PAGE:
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Lincoln believed that African-Americans were vested with the rights of life, liberty, and the pursuit of happiness. This position cost him the election.
It must be noted that Lincoln was undoubtedly not the only person at that time to be opposed to slavery. However, in political circles, the debate was often over property rights and popular sovereignty, rather than any discussion of morality. Recall Maslow's belief that self-actualized people have enormous compassion, a desire to solve the world's problems rather than succumb to them, and a rigid ethical code. All those came into play in Lincoln's bid to accord slaves a measure of equality, and his determination through all the turmoil that ensued.
In 1860, Lincoln was nominated for the Presidency as a Republican. Lincoln defeated his old nemesis, Stephen Douglas, along with John Breckinridge, who represented the Southern Democrats. Lincoln's passion for service could easily have been influenced by level four of the Maslowian pyramid. Though it is unflattering to say so, many people in the public eye are there because they enjoy being in the public eye. There is no reason to believe that Lincoln was immune to the ecstasy of fame and glory that humans crave.
Nevertheless, it could also easily be asserted that it was not simply esteem desires that drove Lincoln. His own party had doubts about renominating him in 1864 and the war, at that point, had raged for four years at a terrible cost before the tide began to turn in favor of the North. Maslow believed that self-actualized individuals are nonconformists gifted in isolating the truth. Lincoln's strong ethics led him to believe he was fighting the good fight, an approach that was generally nonconformist given the prevailing attitudes of the time and the friction Lincoln faced when he put forth his beliefs. These beliefs did not win him the Senate in his fight against Douglas the first time and almost cost him a chance at being re-elected. It can be said, therefore, that Lincoln set aside his quest for glory in favor of what he thought was right. This action would certainly be a trademark of a Maslowian self-actualized individual. It is, of course, also relevant that Lincoln paid the ultimate price for his convictions. In 1865, Lincoln was assassinated in Washington, D.C. By John Wilkes Booth.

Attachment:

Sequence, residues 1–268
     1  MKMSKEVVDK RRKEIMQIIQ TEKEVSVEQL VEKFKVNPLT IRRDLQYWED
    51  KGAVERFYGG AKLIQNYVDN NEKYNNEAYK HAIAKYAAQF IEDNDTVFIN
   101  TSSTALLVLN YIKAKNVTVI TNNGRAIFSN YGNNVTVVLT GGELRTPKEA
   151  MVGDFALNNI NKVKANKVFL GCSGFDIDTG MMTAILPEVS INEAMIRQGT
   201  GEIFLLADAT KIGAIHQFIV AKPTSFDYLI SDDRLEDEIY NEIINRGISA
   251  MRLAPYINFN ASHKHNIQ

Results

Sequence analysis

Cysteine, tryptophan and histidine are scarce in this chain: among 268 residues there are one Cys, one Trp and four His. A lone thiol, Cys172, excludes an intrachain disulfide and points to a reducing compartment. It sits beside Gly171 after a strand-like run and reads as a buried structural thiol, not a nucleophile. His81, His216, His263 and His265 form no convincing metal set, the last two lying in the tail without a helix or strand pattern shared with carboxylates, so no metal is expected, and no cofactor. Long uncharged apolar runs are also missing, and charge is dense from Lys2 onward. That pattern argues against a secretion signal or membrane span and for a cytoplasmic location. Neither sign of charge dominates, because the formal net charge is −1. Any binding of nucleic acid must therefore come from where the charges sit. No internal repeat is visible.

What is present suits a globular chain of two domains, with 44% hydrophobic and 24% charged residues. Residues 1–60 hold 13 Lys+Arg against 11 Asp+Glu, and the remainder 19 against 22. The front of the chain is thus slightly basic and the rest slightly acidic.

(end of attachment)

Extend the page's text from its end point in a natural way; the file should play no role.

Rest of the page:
Abraham Lincoln is considered by many scholars to have been the best President. He held the Union together through turmoil and secured a victory in the Civil War. He was both a strong and an upright leader, credited with setting in motion the emancipation of the slaves. But remember Maslow's concerns over the potential ruthlessness of self-actualized individuals. Lincoln believed in the war he was fighting and implemented controversial methods to achieve victory. His accomplishments are epic, but were achieved at a steep cost.
For example, the Emancipation Proclamation only freed slaves in the Southern states. This can be considered a shrewd military and political move on Lincoln's part, rather than a moral one. More importantly, Lincoln only secured re-election when Sherman's march to the sea proved so successful. The raids were brutal and set back reconciliation efforts between the North and the South for many years, but Lincoln sanctioned it in an effort to achieve victory, both on the battlefield and at the polls. And lastly, Lincoln suspended many civil liberties during the Civil War, including the writ of habeas corpus.
Finally, it should be noted that Lincoln's love of nature was well documented. It is perhaps immersion in nature and an escape to it that allowed him to be refreshed with peak experiences and continue on his path to self-actualization and greatness. It must have been so, according to Maslow, or Lincoln would not have been able to avoid a slide into depression or cynicism whenever he was thwarted in his attempts to do good.
Lincoln's life and achievements can also be analyzed through Kohlberg's six-stage theory of development. According to Kohlberg, the first stage of development is obedience and punishment orientation. This means that the child unquestionably obeys authority, and has a black and white moral view of the world centered on the consequences for a bad act. Kohlberg called this stage one of development "preconventional" because children see morality as an external concept, applicable to them only in the form of parental directives and sanctions.
Stage two of Kohlberg's development is when a child begins to develop individual viewpoints. It is the start of the individualism and potential non-conformity prized so highly by Maslow and utilized so successfully by Lincoln.